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Great Artists: David Pinski, Yiddish Playwright

  "The Treasure"

  presented by the Theatre Guild
   at the Garrick Theatre, 65 W. 35th St, New York, New York
   premiered 5 Oct 1920

Front Cover

Cast of Characters
"The Treasure"

Theatre Guild
Board of Directors
et al

Seating Plan
for the
Garrick Theatre

The former
Garrick Theatre,
courtesy of the New York Public Library

Excerpts of review published by the New York Times, October 5, 1920

The Theatre Guild, entered upon a particularly ambitious season at the Garrick Theatre last night, gave its first production of David Pinski’s “The Treasure,” a work tolerably familiar in the Yiddish theatres for a matter of ten years or more. It is a play which Max Reinhardt thought enough of to present in Berlin in 1910; in this country the piece has been in print for about five years, and the Guild has had it in its possession for a year and a half. It is an always interesting, frequently bitter, but by no means (sic) relentless satire on the eternal pursuit of money; in many respects a remarkably fine play…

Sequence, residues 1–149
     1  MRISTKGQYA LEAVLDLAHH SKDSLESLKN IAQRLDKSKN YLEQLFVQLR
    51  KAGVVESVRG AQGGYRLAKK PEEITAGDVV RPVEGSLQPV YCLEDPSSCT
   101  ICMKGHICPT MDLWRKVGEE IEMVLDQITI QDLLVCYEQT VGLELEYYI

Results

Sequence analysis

The play is a comedy of Yiddish life, although the theme is universal. The scenes take place within the Jewish pale of a Russian village—on the edge of the cemetery, in and about the house of Chone, the gravedigger. When Yudke, the half-witted son of Chone, unearths a few gold coins somewhere in the graveyard, the imaginative daughter of the house at once leaps to the conclusion that there is a treasure to be had for the digging. Into the village she flounces with the coins which Yudke has flung to her, and when she reappears she is rigged out in gay finery, intent upon attracting a suitor.

The effect of all this upon the community may be imagined. The marriage broker, the President of the congregation, the man who believes the treasure to have been found upon his property, the representatives of several needy and worthy charities—all these crowd themselves upon the frenzied gravedigger. At first unwittingly, he is drawn gradually into the deception, until there comes a time when he himself believes that this daughter has unearthed a fortune. When finally he protests the truth his fellow-villagers refuse to believe him; a new man is selected for the post of gravedigger and he and his family are turned out of the house.

 But relentless the author is not. Bitter and ironic as is much of the play, a bit of good comes from even the handful of coins which were all that the earth contained. For the gravedigger regains his job and the daughter has her finery, a bit of dowry and the hope of a husband…

 Celia Adler gives a signally fine performance as the imaginative and romantic daughter, elevated for a day to the status of the millionaire….



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